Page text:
A third of organisations experienced more than two “significant” security incidents in the past year.
The survey of 1,600 IT information security decision makers in organisations of more than 500 employees, conducted by ForeScout, found that while the majority of IT organisations were aware that some of their security measures were immature or ineffective, only 33 per cent had high confidence that their organisations will improve their less mature security controls.
Also on aggregate, one in six organisations had five or more significant security incidents in the past 12 months. While confidence in IT security management appears optimistic, overall findings showed a contradiction in efficacy and likely investment compared to where incidents have been most impactful.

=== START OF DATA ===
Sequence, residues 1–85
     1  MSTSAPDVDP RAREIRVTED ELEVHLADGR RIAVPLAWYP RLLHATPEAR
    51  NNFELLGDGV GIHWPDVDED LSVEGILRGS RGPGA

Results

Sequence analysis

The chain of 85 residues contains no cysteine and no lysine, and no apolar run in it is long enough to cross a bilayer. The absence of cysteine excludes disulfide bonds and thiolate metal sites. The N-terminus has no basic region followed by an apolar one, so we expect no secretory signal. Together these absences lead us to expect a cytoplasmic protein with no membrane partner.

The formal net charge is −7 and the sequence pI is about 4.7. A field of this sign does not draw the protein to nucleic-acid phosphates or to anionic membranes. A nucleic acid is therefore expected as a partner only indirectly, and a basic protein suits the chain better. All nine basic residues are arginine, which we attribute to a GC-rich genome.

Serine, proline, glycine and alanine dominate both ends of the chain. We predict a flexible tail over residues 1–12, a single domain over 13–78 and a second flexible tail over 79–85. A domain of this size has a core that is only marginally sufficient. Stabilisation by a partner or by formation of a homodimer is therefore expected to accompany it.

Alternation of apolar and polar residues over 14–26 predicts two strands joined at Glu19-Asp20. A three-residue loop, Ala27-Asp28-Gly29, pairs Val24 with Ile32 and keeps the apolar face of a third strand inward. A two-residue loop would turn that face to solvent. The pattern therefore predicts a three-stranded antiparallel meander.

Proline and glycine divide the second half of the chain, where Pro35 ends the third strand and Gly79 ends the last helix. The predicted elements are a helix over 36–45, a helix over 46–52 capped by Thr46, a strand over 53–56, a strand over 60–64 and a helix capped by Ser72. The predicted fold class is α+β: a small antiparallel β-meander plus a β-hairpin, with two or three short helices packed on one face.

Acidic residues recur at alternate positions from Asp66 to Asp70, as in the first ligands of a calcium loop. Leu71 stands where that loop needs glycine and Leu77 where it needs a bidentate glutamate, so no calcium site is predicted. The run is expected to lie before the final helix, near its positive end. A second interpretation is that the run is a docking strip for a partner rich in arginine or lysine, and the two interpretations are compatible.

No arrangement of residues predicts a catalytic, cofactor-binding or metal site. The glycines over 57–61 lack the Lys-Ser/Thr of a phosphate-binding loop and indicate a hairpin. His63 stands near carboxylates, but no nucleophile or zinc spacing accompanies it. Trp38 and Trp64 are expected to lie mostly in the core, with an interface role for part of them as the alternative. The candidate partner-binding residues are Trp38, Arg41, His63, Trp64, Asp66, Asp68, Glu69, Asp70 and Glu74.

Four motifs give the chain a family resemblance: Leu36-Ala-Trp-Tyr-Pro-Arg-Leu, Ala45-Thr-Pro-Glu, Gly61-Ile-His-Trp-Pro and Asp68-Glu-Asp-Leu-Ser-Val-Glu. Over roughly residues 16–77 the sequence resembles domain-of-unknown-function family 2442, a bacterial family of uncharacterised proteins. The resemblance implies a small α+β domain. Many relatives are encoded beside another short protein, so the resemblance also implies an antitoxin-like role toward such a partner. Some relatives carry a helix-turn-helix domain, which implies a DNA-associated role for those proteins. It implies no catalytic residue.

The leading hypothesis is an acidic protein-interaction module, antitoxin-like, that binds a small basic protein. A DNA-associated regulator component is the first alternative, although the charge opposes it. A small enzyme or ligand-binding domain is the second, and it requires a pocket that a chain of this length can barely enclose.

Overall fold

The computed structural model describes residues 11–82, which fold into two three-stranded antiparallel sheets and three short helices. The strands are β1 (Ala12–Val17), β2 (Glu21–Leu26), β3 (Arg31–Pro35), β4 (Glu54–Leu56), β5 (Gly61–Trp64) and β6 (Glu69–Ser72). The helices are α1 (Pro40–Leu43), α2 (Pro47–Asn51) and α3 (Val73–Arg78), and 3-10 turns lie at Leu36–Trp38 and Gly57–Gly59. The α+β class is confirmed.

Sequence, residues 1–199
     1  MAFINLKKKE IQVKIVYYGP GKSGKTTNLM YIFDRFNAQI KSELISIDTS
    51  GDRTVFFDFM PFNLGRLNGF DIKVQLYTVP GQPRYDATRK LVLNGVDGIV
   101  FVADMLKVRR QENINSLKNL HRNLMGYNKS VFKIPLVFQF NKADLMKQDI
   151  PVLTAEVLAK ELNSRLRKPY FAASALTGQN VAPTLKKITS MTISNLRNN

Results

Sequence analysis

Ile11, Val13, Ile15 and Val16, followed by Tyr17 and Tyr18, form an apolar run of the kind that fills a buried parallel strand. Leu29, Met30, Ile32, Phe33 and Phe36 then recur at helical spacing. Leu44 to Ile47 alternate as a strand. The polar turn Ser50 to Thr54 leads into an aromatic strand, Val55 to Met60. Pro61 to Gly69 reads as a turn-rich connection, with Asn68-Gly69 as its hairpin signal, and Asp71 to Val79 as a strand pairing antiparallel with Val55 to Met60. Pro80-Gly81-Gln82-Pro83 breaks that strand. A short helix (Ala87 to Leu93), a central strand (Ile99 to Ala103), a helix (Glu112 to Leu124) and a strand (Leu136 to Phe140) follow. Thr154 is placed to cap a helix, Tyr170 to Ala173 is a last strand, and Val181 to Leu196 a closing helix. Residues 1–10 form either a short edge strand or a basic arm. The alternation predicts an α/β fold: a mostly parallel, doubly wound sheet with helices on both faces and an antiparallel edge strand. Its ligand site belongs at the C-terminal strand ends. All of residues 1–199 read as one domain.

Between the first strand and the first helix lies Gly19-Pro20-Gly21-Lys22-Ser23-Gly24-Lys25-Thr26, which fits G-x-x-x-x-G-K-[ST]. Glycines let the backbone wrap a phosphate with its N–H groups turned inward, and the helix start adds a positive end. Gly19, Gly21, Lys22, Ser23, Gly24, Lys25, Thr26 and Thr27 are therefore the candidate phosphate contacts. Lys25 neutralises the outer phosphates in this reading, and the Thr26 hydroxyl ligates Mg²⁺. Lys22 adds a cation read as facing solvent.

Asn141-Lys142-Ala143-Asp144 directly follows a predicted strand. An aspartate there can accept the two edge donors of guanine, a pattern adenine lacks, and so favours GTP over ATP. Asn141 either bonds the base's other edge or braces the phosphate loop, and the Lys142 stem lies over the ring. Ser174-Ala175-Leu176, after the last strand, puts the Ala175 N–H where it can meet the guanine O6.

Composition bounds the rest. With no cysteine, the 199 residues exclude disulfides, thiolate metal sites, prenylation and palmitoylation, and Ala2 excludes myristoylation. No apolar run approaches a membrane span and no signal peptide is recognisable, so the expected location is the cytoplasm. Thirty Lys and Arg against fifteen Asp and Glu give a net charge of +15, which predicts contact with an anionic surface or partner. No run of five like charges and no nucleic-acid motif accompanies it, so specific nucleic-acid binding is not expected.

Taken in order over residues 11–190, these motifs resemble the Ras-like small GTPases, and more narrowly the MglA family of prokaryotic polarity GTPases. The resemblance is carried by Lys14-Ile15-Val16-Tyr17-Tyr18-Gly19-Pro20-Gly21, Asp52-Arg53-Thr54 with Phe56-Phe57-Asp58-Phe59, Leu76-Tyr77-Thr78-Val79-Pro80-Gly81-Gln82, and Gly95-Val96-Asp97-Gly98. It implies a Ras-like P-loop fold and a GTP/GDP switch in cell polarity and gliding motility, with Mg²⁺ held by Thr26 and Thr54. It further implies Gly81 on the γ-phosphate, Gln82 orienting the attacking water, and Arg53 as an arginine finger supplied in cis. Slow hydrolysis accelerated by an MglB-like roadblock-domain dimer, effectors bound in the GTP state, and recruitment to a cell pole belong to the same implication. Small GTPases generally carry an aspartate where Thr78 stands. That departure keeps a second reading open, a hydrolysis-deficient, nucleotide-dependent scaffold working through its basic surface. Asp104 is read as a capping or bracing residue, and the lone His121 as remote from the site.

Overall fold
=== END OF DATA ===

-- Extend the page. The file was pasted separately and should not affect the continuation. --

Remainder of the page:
Jan Hof, director of international marketing at Forescout, told IT Security Guru that 50 per cent of respondents felt confident with their threat management. “Users need more in place to make the likelihood of suffering an incident to be as little as possible and identify as much as possible and share intelligence with your partners to minimise the impact.”
The survey found that 61 per cent cited “low to no” confidence on network device intelligence, maintaining configuration standards and defences on devices, and ensuring virtual machine and remote devices adhere to policy. Hof said that now everything goes behind the firewall, everything has changed and now it was about IT trying to be more efficient.
“There is an explosion on devices and they will grow more and more, so there is a need for real time visibility, and that will continue to happen every year,” he said. “We can all look deeper for the problem if we all share, then we can work together. We say if you cannot see, you cannot secure.”
More than three-quarters (78 per cent) of respondents cited BYOD as having an impact on governance, risk and compliance. Scott Gordon, chief marketing officer at ForeScout, said that this was why network access control was one of the main drivers of BYOD as often it is a violation of policy of a prevalent issue.